Nothing is easy, ordinary or safe in a woman's life. On the contrary, everything engenders anxiety, fear and hesitation. “The other” does not look at the woman with satisfaction, and does not like that she is “female”. He; whether “he” is a person, a group of people, or society as a whole, blames her for all that he has suffered and continues to suffer. The rank of a woman, no matter how far she goes in her education or career, does not absolve her from the grind of discrepancies between how she should be living her life, and how it actually is.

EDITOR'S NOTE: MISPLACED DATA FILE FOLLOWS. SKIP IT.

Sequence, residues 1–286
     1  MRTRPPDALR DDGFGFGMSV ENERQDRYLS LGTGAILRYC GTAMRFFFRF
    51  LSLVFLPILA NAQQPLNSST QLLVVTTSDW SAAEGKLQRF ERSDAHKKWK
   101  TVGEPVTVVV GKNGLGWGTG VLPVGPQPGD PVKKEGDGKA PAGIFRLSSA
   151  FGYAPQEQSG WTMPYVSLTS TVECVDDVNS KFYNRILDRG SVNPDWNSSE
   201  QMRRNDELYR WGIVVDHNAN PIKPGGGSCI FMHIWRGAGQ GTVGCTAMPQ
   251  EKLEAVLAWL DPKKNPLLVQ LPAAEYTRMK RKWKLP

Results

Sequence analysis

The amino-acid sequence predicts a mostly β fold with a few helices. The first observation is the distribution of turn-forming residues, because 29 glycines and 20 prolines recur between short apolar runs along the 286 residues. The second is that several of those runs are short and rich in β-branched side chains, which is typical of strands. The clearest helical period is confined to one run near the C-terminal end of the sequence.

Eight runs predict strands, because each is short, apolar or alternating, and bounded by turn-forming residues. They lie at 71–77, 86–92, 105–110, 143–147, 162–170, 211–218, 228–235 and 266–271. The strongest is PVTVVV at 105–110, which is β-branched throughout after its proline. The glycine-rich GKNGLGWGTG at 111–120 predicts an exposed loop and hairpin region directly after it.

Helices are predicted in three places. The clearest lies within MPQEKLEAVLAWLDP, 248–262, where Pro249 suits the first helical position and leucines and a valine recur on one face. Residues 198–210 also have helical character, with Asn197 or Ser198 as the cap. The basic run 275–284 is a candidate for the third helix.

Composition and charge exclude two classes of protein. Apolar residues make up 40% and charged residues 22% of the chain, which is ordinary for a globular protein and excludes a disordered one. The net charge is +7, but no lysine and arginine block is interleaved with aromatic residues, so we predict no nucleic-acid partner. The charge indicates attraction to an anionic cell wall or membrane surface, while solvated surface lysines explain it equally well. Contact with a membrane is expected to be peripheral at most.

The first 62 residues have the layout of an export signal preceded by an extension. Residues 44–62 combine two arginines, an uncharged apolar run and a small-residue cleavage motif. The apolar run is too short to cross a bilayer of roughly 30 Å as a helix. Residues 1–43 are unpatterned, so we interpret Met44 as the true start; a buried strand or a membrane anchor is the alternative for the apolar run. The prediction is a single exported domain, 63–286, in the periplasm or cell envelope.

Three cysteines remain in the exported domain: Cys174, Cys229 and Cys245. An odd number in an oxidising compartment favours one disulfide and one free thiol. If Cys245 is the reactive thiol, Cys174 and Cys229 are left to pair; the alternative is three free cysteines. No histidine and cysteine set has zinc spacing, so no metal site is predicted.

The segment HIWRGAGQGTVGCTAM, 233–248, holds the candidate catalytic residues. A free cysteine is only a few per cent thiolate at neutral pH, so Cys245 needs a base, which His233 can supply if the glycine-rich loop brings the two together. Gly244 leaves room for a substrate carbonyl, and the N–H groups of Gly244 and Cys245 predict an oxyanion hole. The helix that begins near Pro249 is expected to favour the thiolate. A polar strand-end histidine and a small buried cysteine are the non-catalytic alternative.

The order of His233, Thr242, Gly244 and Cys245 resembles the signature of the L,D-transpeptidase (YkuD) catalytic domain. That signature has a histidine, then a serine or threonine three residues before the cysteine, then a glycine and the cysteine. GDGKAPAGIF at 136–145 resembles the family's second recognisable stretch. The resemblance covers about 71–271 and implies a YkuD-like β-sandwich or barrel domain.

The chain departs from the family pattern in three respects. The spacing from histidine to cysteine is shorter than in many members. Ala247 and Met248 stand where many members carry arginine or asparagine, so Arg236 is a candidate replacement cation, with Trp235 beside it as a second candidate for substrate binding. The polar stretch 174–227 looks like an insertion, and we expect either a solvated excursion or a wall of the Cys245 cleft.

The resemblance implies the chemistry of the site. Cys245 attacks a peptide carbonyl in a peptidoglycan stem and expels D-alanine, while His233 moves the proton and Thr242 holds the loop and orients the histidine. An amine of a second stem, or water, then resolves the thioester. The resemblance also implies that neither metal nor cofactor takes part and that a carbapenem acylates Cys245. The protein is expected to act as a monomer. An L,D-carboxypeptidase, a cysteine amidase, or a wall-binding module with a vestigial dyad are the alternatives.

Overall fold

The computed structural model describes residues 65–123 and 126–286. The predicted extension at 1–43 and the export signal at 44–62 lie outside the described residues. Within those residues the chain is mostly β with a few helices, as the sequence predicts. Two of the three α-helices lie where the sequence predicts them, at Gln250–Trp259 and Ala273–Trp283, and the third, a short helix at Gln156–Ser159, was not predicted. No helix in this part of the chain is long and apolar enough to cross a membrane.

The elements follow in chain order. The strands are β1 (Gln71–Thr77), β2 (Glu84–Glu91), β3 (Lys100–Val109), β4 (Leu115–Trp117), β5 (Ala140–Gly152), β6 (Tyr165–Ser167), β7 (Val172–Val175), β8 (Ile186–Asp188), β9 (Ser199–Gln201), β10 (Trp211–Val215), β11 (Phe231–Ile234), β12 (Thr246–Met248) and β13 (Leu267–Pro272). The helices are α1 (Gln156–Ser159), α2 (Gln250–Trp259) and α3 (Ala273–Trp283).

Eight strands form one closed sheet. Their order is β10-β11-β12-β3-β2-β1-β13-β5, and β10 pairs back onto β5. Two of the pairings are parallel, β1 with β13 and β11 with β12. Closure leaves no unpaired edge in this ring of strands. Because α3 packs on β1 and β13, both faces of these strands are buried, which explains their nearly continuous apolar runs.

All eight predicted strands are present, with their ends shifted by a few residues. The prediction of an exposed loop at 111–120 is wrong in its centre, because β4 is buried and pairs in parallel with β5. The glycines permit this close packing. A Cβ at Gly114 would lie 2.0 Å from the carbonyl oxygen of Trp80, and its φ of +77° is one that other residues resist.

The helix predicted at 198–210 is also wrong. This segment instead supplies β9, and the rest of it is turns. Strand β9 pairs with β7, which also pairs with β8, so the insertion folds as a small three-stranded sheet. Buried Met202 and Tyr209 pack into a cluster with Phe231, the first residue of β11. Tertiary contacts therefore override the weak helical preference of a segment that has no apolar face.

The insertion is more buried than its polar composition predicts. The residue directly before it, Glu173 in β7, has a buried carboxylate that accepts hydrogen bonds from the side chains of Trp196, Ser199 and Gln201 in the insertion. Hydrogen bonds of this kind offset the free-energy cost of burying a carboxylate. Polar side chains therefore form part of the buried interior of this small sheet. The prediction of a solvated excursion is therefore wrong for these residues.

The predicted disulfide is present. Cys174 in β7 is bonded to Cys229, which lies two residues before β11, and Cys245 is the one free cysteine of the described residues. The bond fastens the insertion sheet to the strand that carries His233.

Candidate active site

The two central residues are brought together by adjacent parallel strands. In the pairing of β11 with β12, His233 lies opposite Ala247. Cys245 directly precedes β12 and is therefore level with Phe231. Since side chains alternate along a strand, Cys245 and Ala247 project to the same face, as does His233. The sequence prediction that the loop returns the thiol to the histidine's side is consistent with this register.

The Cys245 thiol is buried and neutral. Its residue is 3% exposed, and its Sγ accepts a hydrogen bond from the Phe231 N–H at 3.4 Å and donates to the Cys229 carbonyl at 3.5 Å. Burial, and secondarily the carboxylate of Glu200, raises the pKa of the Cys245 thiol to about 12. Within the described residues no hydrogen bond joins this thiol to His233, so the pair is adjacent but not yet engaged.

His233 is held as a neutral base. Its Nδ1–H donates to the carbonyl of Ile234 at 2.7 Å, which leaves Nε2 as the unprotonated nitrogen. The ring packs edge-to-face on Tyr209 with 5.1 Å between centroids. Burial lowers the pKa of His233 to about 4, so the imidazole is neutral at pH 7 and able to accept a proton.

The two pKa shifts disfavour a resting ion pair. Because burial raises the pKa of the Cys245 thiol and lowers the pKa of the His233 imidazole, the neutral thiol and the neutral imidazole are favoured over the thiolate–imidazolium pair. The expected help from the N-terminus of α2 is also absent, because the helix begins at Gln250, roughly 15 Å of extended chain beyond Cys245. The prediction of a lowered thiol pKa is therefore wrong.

Cultural heritage offers a history of Moroccan women and their lives; hence, we examine popular culture and its prejudices against women. Let us consider, for example, Moroccan proverbs as the mouthpiece of society. They promote phrases that tell us that it is impossible to rely on women in building communities, and particularly, families. One phrase is “The homes of women are soon desolate,” which means that women are considered a transient presence in the house; always subordinate to men, from the father to the husband. However, contemporary lifestyles have repeatedly proven this saying’s ineptitude, given the number of families in which the breadwinners are women. In 2020, the number exceeded one million families, with a rate of one out of six families being provided for by women. The number of families in Morocco in the same year reached more than eight million, according to the Ministry of Solidarity, Social Integration and the Family.